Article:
“When ‘The Crown’ started, it was a historical drama, and now it’s dropped into the present,” said the series alum.
Helena Bonham Carter doesn’t think ‘The Crown’ should keep calm and carry on.
The Netflix series alum admitted that the series is “very different now” as it moves into the modern era. Season 5 has already touched on the darker parts of Prince Charles and Princess Diana’s marriage, and in the wake of Prince Harry’s tell-all ‘Spare’, Carter questioned the future of the show.
“I don’t really want to contribute to it all,” Carter said The guardian when asked for a response to Harry’s book. “It’s complicated and out of context. And I think they’ve given it enough attention.”
Carter, who played Harry’s aunt Princess Margaret on “The Crown,” added of the series: “I have to be careful here, but I don’t think they should continue. I’m in and I’ve loved my episodes, but this one is very different. When ‘The Crown’ started, it was a historical drama, but now it’s dropped into the present. But that’s up to them.”
He claims Season 5 of the Netflix show was “exploitative” of the now-King Charles. Jonathan Pryce questioned whether the recent criticism was due to “a heightened sensitivity to the Queen’s death”, while Lesley Manville, who took over as Princess Margaret from Carter, said the show was not “crossing a line” at all.
Judi Dench, who never appeared on “The Crown,” called the latest season “cruelly unfair and damaging to the entire royal family.” “Nobody believes in artistic freedom more than I do,” Dench said, “but there’s no questioning that.”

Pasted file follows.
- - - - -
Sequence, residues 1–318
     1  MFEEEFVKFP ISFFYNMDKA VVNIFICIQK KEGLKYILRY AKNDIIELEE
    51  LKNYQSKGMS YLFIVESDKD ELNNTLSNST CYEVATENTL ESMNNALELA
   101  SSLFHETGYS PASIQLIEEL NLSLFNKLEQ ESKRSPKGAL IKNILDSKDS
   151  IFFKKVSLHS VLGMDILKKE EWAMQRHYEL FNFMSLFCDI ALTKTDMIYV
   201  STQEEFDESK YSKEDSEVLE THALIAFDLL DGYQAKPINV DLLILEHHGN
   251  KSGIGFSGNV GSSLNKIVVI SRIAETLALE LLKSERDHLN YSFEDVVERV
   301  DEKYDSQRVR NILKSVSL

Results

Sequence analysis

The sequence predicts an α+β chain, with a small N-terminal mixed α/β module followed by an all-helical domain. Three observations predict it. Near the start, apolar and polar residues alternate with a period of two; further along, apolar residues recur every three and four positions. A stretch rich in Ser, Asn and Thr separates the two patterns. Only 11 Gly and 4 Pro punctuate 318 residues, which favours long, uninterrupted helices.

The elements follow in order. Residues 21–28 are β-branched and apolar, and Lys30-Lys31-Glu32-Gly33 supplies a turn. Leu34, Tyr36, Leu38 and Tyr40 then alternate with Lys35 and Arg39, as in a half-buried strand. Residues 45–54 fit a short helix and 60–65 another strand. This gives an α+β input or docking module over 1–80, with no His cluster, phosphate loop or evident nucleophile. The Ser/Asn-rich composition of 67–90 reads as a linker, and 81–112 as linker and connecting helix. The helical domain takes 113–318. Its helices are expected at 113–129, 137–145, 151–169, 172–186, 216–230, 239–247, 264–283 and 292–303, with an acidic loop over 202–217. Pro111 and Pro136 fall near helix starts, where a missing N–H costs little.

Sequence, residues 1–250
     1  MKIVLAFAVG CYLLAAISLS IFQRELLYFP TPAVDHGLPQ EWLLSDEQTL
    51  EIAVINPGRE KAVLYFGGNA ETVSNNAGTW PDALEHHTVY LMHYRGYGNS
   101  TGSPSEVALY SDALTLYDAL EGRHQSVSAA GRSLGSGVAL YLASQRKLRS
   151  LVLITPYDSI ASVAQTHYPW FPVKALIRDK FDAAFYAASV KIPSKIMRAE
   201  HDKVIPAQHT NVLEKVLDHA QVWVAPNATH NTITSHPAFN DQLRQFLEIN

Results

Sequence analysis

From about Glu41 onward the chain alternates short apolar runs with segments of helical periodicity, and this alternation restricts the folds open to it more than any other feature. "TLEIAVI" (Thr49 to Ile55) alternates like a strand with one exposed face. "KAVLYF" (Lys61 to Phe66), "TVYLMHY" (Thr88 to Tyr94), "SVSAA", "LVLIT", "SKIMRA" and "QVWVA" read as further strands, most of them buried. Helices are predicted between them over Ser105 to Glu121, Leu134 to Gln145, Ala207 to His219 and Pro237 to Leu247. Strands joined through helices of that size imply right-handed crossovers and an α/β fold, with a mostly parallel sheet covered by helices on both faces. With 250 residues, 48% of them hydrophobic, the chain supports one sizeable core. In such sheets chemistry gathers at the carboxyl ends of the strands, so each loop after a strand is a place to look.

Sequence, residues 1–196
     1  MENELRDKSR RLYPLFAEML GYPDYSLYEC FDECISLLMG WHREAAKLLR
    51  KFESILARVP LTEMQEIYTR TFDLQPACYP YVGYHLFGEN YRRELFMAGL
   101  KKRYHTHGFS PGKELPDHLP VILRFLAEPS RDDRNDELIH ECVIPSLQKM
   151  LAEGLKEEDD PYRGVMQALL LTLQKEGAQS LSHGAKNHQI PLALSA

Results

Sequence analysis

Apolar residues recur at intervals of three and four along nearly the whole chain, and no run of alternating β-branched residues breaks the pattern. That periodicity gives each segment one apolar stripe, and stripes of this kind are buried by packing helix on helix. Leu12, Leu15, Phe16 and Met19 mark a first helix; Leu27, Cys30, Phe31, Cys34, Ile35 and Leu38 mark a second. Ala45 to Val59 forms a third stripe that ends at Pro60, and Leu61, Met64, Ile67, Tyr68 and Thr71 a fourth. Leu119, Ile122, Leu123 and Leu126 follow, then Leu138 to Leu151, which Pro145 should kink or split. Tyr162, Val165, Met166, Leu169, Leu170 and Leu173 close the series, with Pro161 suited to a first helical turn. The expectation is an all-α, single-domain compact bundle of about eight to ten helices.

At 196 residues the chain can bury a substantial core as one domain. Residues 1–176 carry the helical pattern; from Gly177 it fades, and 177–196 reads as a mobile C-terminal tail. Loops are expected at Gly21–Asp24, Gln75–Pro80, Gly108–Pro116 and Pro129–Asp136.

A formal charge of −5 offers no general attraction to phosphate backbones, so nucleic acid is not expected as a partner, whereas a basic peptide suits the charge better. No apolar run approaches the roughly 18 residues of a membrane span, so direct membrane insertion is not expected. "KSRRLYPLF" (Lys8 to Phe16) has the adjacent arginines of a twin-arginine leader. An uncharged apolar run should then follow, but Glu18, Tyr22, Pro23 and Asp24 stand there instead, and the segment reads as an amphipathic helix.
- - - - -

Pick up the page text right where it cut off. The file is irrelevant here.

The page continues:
Dench added: “Despite publicly stating this week that ‘The Crown’ has always been a ‘fictional drama’, the show’s creators have resisted all calls to make a statement at the beginning of each episode. The time has come for Netflix to reconsider – for the sake of a family and a nation that has recently mourned, as a sign of respect for a sovereign who served his people so dutifully for 70 years, and to preserve his reputation in the eyes of his family. British subscribers.”
Netflix finally added a disclaimer to the series: “This fictional dramatization inspired by real events tells the story of Queen Elizabeth II and the political and personal events that shaped her reign.”
The last two seasons of “The Crown” span from the 1990s to 2003, and Season 6 will include the death of Princess Diana, which Netflix says will not be seen on screen.
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